Other Report

Countering Islamic State Exploitation of the Internet

Author: David P. Fidler

The use of social media and other Internet-enabled communications by the self-proclaimed Islamic State is pushing the United States and other democracies to react to the abuse of liberal freedoms by illiberal forces. CFR Visiting Fellow David P. Fidler outlines ways to counter the Islamic State's online onslaught through policies anchored in free speech, transparency, and accountability. 

See more in Syria; Iraq; Cybersecurity; Internet Policy

Other Report

Promoting Norms for Cyberspace

Author: Henry Farrell

U.S. efforts to promote its preferred norms for cyberspace—Internet openness, security, and free speech—suffered a significant setback in the summer of 2013 with the Snowden disclosures. Henry Farrell identifies three steps the United States can take to reinvigorate its norm-promotion efforts. 

See more in Global; United States; Cybersecurity; Chad

Primary Sources

Organization of American States: "A Comprehensive Inter-American Cybersecurity Strategy"

On June 10, 2003, the Organization of American States (OAS) General Assembly passed a resolution to development a strategy to combat threats to cybersecurity. Built on efforts of the Inter-American Committee against Terrorism, Inter-American Telecommunication Commission, and REMJA Governmental Experts Group on Cybercrime, this strategy provides a framework for American states to collaborate in "protecting networks and information systems that constitute the Internet, and for responding to and recovering from incidents."

See more in Americas; Cybersecurity

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Cybersecurity Law of the People's Republic of China

National People's Congress of China released this draft text on July 6, 2015, and it will be available for public comment through August 2015. The law outlines the Chinese government's goals for security standards for technical systems, networks, and user data. It requires companies with operations in China to comply with government requests for regulating and restricting technology use. See also the broader National Security Law passed on July 1, 2015.

See more in China; Cybersecurity; Internet Policy

Primary Sources

Department of Defense Strategy for Operating in Cyberspace

The first Department of Defense strategy report on cyberspace was released on July 14, 2011 and an update to the strategy was released April 23, 2015. The strategy outlines the three missions in the cyber domain: to defend Department of Defense networks, systems, and information; to defend the U.S. homeland and U.S. national interests against cyberattacks of significant consequence; and to provide integrated cyber capabilities to support military operations and contingency plans.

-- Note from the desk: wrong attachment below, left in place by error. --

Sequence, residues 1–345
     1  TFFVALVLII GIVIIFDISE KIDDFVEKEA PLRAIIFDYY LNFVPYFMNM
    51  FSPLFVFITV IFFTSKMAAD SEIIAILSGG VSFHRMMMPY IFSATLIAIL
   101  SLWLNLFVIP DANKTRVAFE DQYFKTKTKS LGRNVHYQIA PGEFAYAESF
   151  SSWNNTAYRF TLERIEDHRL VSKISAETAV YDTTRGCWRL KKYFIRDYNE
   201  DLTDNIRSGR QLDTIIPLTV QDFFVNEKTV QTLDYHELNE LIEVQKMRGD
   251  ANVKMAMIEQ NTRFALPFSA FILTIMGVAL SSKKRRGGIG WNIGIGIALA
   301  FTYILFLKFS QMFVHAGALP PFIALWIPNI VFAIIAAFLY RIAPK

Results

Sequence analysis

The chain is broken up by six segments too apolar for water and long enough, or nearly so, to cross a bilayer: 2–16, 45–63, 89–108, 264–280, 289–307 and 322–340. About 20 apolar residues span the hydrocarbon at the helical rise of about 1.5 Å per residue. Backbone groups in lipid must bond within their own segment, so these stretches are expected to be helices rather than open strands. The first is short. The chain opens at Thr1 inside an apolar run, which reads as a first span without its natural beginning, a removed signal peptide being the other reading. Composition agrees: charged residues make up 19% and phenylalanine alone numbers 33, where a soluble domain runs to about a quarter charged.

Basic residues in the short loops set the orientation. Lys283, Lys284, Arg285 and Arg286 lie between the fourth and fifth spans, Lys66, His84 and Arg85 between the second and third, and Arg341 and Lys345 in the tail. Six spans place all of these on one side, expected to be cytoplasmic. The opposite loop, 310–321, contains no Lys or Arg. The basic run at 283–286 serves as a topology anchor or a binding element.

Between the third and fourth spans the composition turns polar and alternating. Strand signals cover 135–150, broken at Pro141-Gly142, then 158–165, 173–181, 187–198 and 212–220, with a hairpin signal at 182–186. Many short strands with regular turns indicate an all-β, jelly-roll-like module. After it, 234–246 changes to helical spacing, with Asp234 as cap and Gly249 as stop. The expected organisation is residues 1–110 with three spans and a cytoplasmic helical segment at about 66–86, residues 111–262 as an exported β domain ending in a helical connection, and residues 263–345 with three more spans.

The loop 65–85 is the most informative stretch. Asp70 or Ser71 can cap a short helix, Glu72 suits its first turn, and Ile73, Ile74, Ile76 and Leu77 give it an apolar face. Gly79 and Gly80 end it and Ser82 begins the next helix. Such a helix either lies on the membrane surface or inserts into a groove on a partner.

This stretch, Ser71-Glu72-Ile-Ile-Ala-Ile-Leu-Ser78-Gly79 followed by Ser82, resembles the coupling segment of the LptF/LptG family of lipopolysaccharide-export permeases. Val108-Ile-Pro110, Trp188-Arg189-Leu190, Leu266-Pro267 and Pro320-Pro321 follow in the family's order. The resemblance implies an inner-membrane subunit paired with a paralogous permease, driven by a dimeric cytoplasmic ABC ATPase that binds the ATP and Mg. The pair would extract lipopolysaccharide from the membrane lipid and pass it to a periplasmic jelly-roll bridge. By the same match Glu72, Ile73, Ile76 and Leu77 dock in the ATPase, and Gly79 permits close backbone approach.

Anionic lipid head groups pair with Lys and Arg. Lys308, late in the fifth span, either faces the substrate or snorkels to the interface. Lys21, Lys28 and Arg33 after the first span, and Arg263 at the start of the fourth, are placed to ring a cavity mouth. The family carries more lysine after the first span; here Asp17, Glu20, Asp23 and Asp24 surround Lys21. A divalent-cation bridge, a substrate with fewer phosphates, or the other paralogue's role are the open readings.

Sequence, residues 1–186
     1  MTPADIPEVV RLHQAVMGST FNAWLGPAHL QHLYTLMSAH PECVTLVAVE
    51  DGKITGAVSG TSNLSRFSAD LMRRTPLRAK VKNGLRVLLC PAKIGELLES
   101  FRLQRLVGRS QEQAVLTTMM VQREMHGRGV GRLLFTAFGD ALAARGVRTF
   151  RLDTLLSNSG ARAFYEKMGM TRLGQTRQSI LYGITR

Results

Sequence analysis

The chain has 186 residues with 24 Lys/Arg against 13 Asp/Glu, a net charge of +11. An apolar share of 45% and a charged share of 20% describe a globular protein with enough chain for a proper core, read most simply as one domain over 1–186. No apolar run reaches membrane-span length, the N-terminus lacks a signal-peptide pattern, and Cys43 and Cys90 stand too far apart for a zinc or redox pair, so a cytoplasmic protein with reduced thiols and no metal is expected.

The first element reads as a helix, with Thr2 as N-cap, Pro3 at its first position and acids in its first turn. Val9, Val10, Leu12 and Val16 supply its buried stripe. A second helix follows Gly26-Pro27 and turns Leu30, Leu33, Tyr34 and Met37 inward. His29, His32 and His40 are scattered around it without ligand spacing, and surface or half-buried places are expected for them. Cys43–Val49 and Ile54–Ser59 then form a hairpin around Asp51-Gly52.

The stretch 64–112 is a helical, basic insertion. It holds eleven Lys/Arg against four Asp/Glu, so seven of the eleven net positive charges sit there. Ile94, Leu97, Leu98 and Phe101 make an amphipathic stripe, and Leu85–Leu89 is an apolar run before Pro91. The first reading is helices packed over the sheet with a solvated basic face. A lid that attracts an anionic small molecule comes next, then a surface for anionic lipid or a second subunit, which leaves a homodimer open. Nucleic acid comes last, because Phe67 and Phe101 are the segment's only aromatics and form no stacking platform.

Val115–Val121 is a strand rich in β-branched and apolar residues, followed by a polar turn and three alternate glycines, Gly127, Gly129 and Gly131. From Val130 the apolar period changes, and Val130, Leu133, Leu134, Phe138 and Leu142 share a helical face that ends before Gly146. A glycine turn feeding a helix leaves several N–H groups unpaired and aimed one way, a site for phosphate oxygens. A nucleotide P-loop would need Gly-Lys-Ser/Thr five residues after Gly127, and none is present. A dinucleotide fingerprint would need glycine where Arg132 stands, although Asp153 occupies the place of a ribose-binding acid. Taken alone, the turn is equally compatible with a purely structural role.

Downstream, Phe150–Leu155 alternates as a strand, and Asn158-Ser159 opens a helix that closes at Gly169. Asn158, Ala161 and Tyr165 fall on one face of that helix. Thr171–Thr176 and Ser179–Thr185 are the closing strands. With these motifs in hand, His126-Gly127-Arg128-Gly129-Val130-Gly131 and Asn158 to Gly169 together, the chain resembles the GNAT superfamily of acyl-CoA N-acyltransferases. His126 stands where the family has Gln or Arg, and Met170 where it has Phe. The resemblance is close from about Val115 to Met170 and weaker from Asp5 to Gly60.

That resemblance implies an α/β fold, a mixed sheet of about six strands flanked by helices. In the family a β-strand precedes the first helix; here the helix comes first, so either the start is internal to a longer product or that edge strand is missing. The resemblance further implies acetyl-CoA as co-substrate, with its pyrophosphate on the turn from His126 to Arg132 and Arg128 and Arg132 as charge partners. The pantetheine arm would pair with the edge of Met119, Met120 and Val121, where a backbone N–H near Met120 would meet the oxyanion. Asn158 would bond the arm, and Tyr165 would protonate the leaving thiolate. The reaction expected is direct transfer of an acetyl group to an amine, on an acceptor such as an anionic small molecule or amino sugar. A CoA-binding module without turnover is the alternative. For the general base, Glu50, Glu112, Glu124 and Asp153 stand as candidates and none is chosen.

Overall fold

See more in Cybersecurity; United States

Primary Sources

United States of America v. Members of China's People's Liberation Army

The U.S. Department of Justice announced the indictment of five Chinese military hackers on May 19, 2014. Wang Dong, Sun Kailiang, Wen Xinyu, Huang Zhenyu, and Gu Chunhui were charged with computer hacking, economic espionage and other offenses directed at Americans in the nuclear power, metals, and solar products industries.

See more in United States; China; Cybersecurity; Intellectual Property

Primary Sources

Executive Order and Framework: Improving Critical Infrastructure Cybersecurity

President Barack Obama ordered on February 12, 2013 that the U.S. government work with "owners and operators of critical infrastructure" to share information about cyber threats and attacks and to implement common cybersecurity standards. A year later, on February 12, 2014, the National Institute for Standards and Technology issued the framework for improving cybersecurity.

See more in United States; Cybersecurity; Digital Infrastructure

Primary Sources

Worldwide Threat Assessment of the U.S. Intelligence Community

Annually, the Director of National Intelligence testifies before the Senate Select Committee on Intelligence and before the House Permanent Select Committee on Intelligence to discuss the current and potential threats to United States' security and priorities for the Department of Defense budget. The assessment usually covers terrorism threats, cyber attacks, counterintelligence, proliferation, mass atrocities, regional and country-by-country threats, and other state and non state intelligence threats such as health threats, water security and transnational crime.

See more in United States; Cybersecurity; Intelligence

Primary Sources

House Resolution 624, Cyber Intelligence Sharing and Protection Act (CISPA)

The House of Representatives introduced CISPA on February 13, 2013 and passed it on April 18, 2013, but did not pass the Senate. The full title is "to provide for the sharing of certain cyber threat intelligence and cyber threat information between the intelligence community and cybersecurity entities, and for other purposes." Related acts include Stop Online Piracy Act (SOPA), PROTECT IP Act (PIPA), and Online Protection and Enforcement of Digital Trade Act (OPEN Act). The Senate passed a similar bill, Cybersecurity Information Sharing Act of 2015, in October 2015.

See more in United States; Cybersecurity; Intelligence